A driver navigates along a flooded road as the outer bands of Hurricane Sally come ashore in Bayou La Batre, Alabama, on Tuesday. Photo: Joe Raedle/Getty Images

Hurricane Sally made landfall near Gulf Shores, Alabama, as a Category 2 storm on Wednesday morning, packing maximum sustained winds were 105 mph.

What's happening: "Historic and catastrophic flooding is unfolding along and just inland of the coast, from Tallahassee, Florida, to Mobile Bay, Alabama," the National Hurricane Center said, as the storm's eyewall was moving across the coast.

"Life-threatening storm surge is occurring along portions of the coastline from Alabama to the western Florida Panhandle, including Pensacola Bay and southern portions of Mobile Bay."
National Hurricane Center
  • Some 240,00 PowerOutage.US. customers in Alabama, Mississippi and Florida were without power overnight as Sally's outer bands lashed the region.
  • "Sideways rain" and storm surges that covered beaches were reported across the Florida Panhandle and south Alabama, AP notes.

The big picture: The governors of Louisiana, Mississippi, Florida and Alabama have declared states of emergency, with more than 17 million people in the storm's path.

  • Shelters have opened from Louisiana to the Florida panhandle, with forecasters warning storm surges from Sally could be as large as 11 feet.

What to expect: "Widespread moderate to major river flooding is forecast," the National Hurricane Center said. "Significant flash and urban flooding, as well as widespread minor to moderate river flooding, is likely across inland portions Alabama into central Georgia.

"Widespread flash and urban flooding is possible, as well as widespread minor to moderate river flooding, across western South Carolina into western and central North Carolina. Scattered flash and urban flooding is possible, as well as scattered minor river flooding in southeast Virginia."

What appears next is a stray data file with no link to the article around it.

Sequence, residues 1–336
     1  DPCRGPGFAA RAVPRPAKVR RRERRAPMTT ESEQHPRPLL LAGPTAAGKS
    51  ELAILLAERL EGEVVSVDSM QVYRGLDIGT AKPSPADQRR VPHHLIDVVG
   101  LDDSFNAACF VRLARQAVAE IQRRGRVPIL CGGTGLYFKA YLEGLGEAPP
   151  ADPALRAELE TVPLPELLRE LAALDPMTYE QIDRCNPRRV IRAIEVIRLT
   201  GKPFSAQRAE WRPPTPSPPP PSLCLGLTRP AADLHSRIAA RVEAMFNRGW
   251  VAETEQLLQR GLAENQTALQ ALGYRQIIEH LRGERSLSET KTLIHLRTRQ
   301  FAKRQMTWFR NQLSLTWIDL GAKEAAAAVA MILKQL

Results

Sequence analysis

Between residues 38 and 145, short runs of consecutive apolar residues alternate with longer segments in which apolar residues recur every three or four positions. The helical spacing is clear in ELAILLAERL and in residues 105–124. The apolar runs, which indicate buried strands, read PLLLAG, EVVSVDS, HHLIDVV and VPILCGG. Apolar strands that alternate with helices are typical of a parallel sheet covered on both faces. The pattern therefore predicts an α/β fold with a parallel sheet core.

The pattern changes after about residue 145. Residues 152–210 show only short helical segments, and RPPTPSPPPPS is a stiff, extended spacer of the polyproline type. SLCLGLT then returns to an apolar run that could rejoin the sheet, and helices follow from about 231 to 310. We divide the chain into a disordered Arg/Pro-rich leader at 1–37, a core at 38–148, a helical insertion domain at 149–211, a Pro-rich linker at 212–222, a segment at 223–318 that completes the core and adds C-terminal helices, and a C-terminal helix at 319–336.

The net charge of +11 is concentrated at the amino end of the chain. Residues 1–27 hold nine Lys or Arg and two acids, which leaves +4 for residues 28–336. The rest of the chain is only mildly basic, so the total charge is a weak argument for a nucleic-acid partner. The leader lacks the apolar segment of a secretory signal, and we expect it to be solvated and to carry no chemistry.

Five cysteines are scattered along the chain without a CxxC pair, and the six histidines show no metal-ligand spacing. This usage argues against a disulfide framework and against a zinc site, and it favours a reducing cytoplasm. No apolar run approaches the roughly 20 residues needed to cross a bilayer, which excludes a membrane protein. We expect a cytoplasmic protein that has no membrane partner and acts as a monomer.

Background: Sally formed as a tropical storm on Saturday off Florida's coast in the Gulf of Mexico.

Editor's note: This is a developing news story. Please check back for updates.

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Updated Sep 17, 2020 - Science

Hundreds rescued as deadly Tropical Depression Sally sweeps Gulf Coast

A street flooded by Tropical Storm Sally in Pensacola, Florida, on Wednesday. Photo: Chandan Khanna/AFP via Getty Images

"Catastrophic" flooding from Tropical Depression Sally spilled inland across eastern Alabama and southwestern Georgia on Wednesday, bringing peak winds down to 45 mph winds, per the National Hurricane Center.

Why it matters: The mayor of Orange Beach, Ala., said one person died in the storm and hundreds of others have been rescued, per AP. Sally made landfall as a Category 2 hurricane near Gulf Shores, before later being downgraded to a tropical storm and later a depression. But the NHC warned late Wednesday it's "still causing torrential rains over eastern Alabama and western Georgia."

DeSantis to end federal unemployment program, saying Florida can't afford it

Trump speaks with DeSantis at Palm Beach International Airport, Florida, Sept. 8. Photo: Mandel Ngan/AFP/Getty Images

Florida Gov. Ron DeSantis (R) plans to terminate a Trump program that supports unemployment benefits for out-of-work Floridians because the state's jobless program doesn't have the resources to qualify for the federal assistance, Politico reports.

Why it matters: Florida is among the first states to stop the program because of the cost. The state doesn't pay its unemployed workers enough to meet the 25% matching requirement, so people will lose out on an extra $300 a week made possible by President Trump's executive order, Politico notes.

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